'Broadcast News': THR's 1987 Review
On Dec. 16, 1987, 20th Century Fox unveiled the R-rated drama Broadcast News in limited release. The film went on to earn seven nominations at the 60th Academy Awards ceremony, including best picture. The Hollywood Reporter's original review is below.
It used to be an industry tradition to have at least one good, old-fashioned romantic comedy out there for the holidays. Lately, the only consistent industry holiday tradition has been the heartless and capricious corporate pinkslipping that especially now soils this business.
Using a TV news bureau as his setting, James L. Brooks has combined these two disparate traditions in Broadcast News, a wonderfully funny yet trenchantly sober look at romance today. Its lackluster title aside, Broadcast News is just what the doctor ordered, a much-needed holiday elixir for both 20th Century Fox's b.o. coffers as well as moviegoers' spirits.
Broadcast News even has a joker up its sleeve, in the person of an uncredited star who's all spruced up and neatly-pressed for an against-the-persona role as network anchorman ... more on that, later.
Starring William Hurt, Holly Hunter and Albert Brooks, Broadcast News is no mere gift bag of modern men and women crammed into an out-of-date romantic comedy formula. Brooks has wound a tight tale of '80s relationships, a story which spins and spills with all the chaotic rhythms and cross-currents of modern-day romances.
As the pop magazines tell us every third article or so, young workaholics don't have time to cultivate relationships off the job — they hook up with people at work. This is tricky at best, and especially nuts if that workplace is a high-pressure network news bureau. Broadcast News perceptively shows that "the job" is as much a factor in their romantic lives as it is in their professional lives.
In Broadcast News, Hurt stars as a not-too-bright but tenacious news correspondent whose good looks and engaging manner have landed him on the fast track to an anchorman's chair. He's brought into the Washington bureau of a major network, much to the displeasure of two serious-minded and rising young talents, a writer/correspondent (Brooks) and a segment producer (Hunter).
As the two dedicated achievers, Brooks and Hunter are compulsive workaholics, neglecting their non-existent personal lives. They're buddies, confidants and kindred spirits on the late-breaking front-lines. Both are rattled by their attraction to the other but they are too awkward to act on it. And, they both resent Hurt — Brooks out of professional pride and envy; Hunter out of professional pride and sexual frustration.
In the front-line intensity of the newsroom, romantic sparks invariably kindle between Hurt and Hunter, while professional differences sizzle between Hurt and Brooks. Clearly, Hurt's good-looking but slow-thinking character is the catalyst in James L. Brooks' brilliant and superbly modulated screenplay.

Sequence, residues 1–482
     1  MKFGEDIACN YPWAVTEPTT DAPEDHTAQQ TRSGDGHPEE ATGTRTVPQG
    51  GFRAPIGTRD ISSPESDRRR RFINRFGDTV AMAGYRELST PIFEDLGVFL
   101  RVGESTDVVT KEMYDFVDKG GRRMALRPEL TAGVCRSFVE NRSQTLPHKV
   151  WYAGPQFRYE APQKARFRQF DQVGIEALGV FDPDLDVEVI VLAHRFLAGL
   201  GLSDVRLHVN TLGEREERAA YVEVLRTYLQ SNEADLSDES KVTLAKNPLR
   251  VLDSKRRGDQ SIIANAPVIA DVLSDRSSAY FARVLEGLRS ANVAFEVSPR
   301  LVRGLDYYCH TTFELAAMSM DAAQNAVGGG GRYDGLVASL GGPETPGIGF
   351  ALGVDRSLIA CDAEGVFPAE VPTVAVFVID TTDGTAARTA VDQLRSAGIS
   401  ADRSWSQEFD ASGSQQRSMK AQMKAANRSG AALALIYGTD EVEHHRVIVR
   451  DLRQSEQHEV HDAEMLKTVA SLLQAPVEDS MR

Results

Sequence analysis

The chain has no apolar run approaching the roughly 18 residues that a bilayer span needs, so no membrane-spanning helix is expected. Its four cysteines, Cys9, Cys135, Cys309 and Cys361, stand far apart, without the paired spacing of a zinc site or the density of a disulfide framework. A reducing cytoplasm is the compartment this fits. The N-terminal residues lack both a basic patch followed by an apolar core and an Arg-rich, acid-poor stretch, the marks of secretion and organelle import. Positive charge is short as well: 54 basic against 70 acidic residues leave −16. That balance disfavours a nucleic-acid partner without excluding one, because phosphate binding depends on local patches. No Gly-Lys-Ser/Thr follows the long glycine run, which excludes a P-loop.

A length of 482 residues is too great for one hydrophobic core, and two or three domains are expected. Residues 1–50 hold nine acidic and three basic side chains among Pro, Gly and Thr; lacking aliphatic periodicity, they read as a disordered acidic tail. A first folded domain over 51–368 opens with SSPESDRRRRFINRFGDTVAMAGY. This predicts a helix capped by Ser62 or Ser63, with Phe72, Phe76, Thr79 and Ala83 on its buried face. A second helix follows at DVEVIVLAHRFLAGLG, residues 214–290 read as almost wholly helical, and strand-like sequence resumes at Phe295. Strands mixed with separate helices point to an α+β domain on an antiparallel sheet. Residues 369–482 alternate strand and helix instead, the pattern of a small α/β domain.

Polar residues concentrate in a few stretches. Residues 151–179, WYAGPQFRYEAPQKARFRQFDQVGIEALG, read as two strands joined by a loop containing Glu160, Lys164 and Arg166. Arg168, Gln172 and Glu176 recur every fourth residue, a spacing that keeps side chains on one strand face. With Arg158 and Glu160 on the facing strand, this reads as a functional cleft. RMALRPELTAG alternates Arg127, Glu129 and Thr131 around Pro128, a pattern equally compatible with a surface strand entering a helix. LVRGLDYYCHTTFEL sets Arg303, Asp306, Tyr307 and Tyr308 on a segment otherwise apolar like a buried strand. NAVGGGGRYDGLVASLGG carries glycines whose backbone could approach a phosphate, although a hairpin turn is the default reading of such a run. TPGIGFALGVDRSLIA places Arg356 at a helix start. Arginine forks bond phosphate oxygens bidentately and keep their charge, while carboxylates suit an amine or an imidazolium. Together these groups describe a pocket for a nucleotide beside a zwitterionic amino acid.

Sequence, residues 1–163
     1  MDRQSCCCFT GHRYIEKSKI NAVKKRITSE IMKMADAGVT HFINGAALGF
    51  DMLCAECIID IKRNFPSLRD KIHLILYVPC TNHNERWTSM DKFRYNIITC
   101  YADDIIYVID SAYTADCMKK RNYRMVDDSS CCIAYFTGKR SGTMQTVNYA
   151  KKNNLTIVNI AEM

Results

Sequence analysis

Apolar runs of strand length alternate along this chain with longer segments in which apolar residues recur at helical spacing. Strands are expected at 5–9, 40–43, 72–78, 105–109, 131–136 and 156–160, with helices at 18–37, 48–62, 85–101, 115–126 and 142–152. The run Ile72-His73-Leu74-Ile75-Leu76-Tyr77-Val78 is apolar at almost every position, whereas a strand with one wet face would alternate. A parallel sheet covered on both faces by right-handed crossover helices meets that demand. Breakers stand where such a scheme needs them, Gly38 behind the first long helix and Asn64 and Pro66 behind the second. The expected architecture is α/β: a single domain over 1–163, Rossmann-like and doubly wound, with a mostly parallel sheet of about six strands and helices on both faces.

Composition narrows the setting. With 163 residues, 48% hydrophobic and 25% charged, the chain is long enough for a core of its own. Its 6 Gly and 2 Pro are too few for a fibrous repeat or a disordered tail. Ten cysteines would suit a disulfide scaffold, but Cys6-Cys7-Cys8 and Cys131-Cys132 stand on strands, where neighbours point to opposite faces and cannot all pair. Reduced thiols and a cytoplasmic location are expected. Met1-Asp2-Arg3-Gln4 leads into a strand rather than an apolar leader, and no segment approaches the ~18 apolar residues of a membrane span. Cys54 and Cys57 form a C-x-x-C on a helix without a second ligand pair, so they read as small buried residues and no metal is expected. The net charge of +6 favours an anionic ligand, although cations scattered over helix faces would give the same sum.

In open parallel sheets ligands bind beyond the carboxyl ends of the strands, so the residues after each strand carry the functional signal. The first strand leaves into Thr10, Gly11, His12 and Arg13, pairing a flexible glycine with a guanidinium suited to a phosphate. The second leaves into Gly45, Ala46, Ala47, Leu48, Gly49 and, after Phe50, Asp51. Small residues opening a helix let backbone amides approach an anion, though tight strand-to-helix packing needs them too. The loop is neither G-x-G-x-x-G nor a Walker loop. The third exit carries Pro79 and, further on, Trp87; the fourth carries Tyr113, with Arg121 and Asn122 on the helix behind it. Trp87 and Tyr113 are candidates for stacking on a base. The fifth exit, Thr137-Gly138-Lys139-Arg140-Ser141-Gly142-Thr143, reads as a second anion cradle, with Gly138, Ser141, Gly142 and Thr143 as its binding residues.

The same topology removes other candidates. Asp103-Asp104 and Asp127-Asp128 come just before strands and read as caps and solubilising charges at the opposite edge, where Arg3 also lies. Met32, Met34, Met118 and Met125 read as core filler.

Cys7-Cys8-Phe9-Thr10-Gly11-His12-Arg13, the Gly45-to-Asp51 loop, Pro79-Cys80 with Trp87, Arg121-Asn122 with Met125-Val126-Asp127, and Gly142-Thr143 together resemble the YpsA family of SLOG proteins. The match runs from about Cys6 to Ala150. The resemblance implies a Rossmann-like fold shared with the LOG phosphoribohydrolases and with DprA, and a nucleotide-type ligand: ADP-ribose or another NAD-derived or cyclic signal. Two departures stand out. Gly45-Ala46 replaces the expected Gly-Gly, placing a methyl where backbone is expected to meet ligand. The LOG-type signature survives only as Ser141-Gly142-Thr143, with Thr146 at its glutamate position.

Natural flowing modern romance, Brooks shows, is full of stops, starts, spills and overturns — and, for his three main characters, it's all upstream. Into the ebb and flow of his three dangling lovelines, Brooks has expertly hooked some low-key but lethal Network snipes at big-time network news. Zingers abound, perhaps none more prominent than the ringer on the team and Joker in the deck — mystery performer Jack Nicholson as the network's powerful and avuncular anchorman.
Spiffed up and slicked back, Nicholson nails network superstars to the wall with his straight-on portrayal. Dashes of Brinkley, Cronkite and Rather glimmer in his mannerisms; all the while his own great and goofy aura naturally sabotages the all-knowing, deity-like status of network anchors. Dan Rather will find it even harder to find people who can keep a straight face the next time he expresses worker solidarity and joins a CBS picket line.
The performances are all 50 share. As the sincere and tenacious plodder who lucks out to the top, Hurt is magnificent. On the surface, Hurt's role doesn't seem to be as complex as many he has previously played, but his portrayal is quietly layered. He fits what seem to be contradictory qualities, dumb ambition and decency, into the fabric of a completely drawn character.
As the snippy, know-it-all segment producer, Hunter is cringingly convincing. One minute she's a towering professional, barking orders at subordinates; the next minute, she's a shriveling little girl, having a crying fit in the corner. As the professional success/personal failure, Hunter seems a veritable chapter-come-to-life of Smart Women, Foolish Choices.
As the talented but professionally thwarted news writer, Brooks is sensational, both vain and vulnerable (he even gets in a fantastic Arnold Schwarzenegger routine).
Joan Cusack, as the bureau's hired-for-her-looks assistant director, and Lois Chiles, as the network's pretty-face correspondent, smartly convey the insecurities lurking beneath their glamorous positions. In his role as news division chief, Peter Hackes is particularly chilling as a sycophantic hatchet man.
Technical credits are similarly reflective of the production's warm, high level. — Duane Byrge, originally published on Dec. 4, 1987